2010 is sure to be busy on the news front. Stay ahead of the headlines by keeping tabs on these world news stories that are sure to heat up as the months continue.
Will Tide Turn in Afghanistan?
U.S. President Barack Obama vowed at the beginning of December 2009 to send 30,000 more troops to Afghanistan in the first six months of 2010, with an eye on beginning withdrawal from the fragile country by 2011. The contribution by NATO allies remained up in the air until a Jan. 28 meeting in London, and other variables -- ranging from corruption in the Kabul government to a promised April 2010 offensive in the country by the Taliban -- put the surge-and-withdrawal strategy at great risk. Many political observers on the left and right doubt the ability of increased troop levels in such a short timeframe to achieve the security and development goals necessary for the country to not fall to radical Islamists again as soon as allies pull out.
Pakistan in Peril
It didn't end with the election of Benzair Bhutto's widower, Asif Ali Zardari. In fact, the young Zardari government faces not only constant opposition from former Prime Minister Nawaz Sharif, but the stability of the civilian government is threatened by extremist elements within the country. The civilian government in Pakistan has not had a strong record to begin with, and add in extremist elements within the military ranks that could splinter and align with the Taliban (making their presence known in increasing terror attacks) in great enough numbers to seize power. This would not only cause immeasurable damage to the NATO effort in Afghanistan, but put extremists in charge of the nuclear arsenal.
The Islamic Republic gleefully snubbed a Dec. 31, 2009, deadline to accept a U.N.-brokered agreement that would have seen Iran's uranium shipped out of the country to be returned as nuclear fuel rods. Not only was Iran defiant, but began 2010 by issuing a one-month ultimatum of its own to the West: Accept Iran's conditions for externally processing uranium, or Iran would simply begin producing its own nuclear reactor fuel. Talk of additional sanctions against Iran continue as the international community favors pursuing a diplomatic approach to the nuclear program, which Iran claims is for peaceful energy purposes, but there is little doubt that the Islamic Republic is buying the time it desires through its standoff with the West.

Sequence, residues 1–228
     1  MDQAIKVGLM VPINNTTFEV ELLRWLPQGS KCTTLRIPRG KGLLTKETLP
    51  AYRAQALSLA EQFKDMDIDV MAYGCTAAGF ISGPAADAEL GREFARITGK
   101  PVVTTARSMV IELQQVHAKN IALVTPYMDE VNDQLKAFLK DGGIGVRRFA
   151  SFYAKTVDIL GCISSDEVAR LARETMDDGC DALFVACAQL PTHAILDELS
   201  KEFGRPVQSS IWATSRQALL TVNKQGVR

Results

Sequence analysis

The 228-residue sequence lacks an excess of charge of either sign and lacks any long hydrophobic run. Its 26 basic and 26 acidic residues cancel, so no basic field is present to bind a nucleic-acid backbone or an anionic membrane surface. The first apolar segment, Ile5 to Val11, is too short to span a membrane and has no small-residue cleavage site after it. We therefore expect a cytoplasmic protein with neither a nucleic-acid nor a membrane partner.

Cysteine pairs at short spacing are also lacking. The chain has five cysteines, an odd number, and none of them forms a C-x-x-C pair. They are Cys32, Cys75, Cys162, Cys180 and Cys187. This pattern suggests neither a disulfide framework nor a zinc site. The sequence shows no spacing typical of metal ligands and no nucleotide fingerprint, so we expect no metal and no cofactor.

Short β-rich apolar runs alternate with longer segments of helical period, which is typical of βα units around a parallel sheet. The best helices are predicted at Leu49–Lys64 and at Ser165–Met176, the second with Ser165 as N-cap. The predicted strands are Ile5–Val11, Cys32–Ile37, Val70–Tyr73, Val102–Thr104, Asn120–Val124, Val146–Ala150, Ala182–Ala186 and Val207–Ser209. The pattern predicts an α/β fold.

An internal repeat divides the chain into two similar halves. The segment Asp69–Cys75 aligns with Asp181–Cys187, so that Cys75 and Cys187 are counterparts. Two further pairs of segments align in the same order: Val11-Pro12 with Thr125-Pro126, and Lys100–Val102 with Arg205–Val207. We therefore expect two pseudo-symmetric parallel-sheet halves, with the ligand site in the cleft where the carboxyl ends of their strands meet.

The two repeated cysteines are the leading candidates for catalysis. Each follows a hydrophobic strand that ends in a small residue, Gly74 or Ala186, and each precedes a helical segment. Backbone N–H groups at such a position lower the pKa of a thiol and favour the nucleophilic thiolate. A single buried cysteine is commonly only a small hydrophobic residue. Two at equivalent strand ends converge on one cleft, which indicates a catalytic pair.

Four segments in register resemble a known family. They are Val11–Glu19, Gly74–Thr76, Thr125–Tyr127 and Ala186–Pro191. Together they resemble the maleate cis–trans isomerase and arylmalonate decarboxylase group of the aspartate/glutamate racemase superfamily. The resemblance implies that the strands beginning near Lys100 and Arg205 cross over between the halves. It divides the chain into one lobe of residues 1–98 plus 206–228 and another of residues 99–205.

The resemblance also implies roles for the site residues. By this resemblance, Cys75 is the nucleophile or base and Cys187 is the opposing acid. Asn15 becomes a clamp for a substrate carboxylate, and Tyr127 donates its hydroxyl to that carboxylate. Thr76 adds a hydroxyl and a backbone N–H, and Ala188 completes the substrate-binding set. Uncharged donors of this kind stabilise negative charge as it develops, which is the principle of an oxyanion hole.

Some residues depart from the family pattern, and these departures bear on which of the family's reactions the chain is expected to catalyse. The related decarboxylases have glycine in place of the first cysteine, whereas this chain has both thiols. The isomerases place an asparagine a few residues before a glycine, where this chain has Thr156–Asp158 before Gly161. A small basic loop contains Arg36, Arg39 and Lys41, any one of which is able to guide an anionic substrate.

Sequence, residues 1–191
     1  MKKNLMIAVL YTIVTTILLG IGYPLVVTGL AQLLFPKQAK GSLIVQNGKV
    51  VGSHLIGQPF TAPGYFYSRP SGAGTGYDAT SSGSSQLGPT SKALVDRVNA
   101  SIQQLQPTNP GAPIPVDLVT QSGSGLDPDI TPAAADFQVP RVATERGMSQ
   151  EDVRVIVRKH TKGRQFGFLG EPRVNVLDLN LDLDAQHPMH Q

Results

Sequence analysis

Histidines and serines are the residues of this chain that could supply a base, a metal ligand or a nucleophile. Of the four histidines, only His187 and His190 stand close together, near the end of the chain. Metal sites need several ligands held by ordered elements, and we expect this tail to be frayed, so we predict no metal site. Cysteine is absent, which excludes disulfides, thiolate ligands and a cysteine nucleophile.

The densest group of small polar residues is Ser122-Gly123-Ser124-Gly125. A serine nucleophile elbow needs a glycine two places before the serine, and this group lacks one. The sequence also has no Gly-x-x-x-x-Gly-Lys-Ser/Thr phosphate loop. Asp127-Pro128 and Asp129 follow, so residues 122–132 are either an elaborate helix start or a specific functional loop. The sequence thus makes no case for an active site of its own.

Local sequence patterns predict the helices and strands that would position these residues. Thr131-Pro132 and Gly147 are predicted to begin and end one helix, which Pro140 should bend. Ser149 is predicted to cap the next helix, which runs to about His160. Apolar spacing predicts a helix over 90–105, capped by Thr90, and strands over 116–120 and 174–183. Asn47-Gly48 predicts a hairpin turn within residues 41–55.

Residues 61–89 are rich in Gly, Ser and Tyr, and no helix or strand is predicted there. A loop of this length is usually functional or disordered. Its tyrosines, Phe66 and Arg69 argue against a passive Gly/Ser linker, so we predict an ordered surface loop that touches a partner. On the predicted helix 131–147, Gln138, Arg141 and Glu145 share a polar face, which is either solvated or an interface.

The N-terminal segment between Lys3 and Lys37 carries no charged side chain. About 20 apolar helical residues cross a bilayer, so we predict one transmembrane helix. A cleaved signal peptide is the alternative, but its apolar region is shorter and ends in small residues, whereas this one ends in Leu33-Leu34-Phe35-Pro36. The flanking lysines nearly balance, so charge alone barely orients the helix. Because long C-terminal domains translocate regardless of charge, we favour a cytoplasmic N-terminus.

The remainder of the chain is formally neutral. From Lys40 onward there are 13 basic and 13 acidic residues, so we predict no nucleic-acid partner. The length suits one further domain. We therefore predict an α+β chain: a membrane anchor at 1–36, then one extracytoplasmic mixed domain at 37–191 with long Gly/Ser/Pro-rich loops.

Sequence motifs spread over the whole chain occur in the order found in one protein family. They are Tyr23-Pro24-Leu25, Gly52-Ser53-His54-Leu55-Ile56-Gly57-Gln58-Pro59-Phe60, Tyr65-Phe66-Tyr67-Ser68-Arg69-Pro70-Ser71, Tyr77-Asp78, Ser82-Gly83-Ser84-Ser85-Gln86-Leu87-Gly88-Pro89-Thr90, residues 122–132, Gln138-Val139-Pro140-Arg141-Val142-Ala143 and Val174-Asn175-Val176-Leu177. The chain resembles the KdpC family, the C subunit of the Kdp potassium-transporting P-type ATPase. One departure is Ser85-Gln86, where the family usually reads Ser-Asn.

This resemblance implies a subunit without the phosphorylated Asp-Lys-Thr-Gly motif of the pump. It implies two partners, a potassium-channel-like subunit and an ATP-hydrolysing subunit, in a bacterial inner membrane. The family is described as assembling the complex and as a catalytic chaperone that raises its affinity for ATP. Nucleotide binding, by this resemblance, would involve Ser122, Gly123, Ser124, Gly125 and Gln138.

U.S. Midterm Elections
President Barack Obama began his first year in office with his Democratic Party controlling the House and the Senate. But a series of challenges into his term -- ranging from foreign policy to recession to pushing through domestic agenda items such as healthcare reform and climate-change legislation -- heightened public discontent, as seen everywhere from poll numbers to the conservative "tea party" protests that sprung up across the nation. The Republican Party, however, faces formidable challenges itself in terms of low congressional approval ratings and raising enough funds to win big at the ballot box. The results of midterm elections will be seen as the first referendum on the Obama administration, and the world will be watching.
Power Shift in Britain
UK Prime Minister Gordon Brown has been skating on thin ice for a while, finding lukewarm receptions to his initiatives such as the "Global New Deal" to lift the world out of recession. He faces his first test with the voters on or before June 3, though, when he faces two other party leaders who have been nipping at his heels: Conservative Party's David Cameron and Liberal Democrats' Nick Clegg. The election fervor has been building ever since the snap election that wasn't in 2007, and since that time the Conservatives have been gaining ground against the ruling Labour Party in polls. The election will also come just after the Afghanistan troop surge (with some 500 extra British soldiers) and amid Brown's efforts to battle climate change.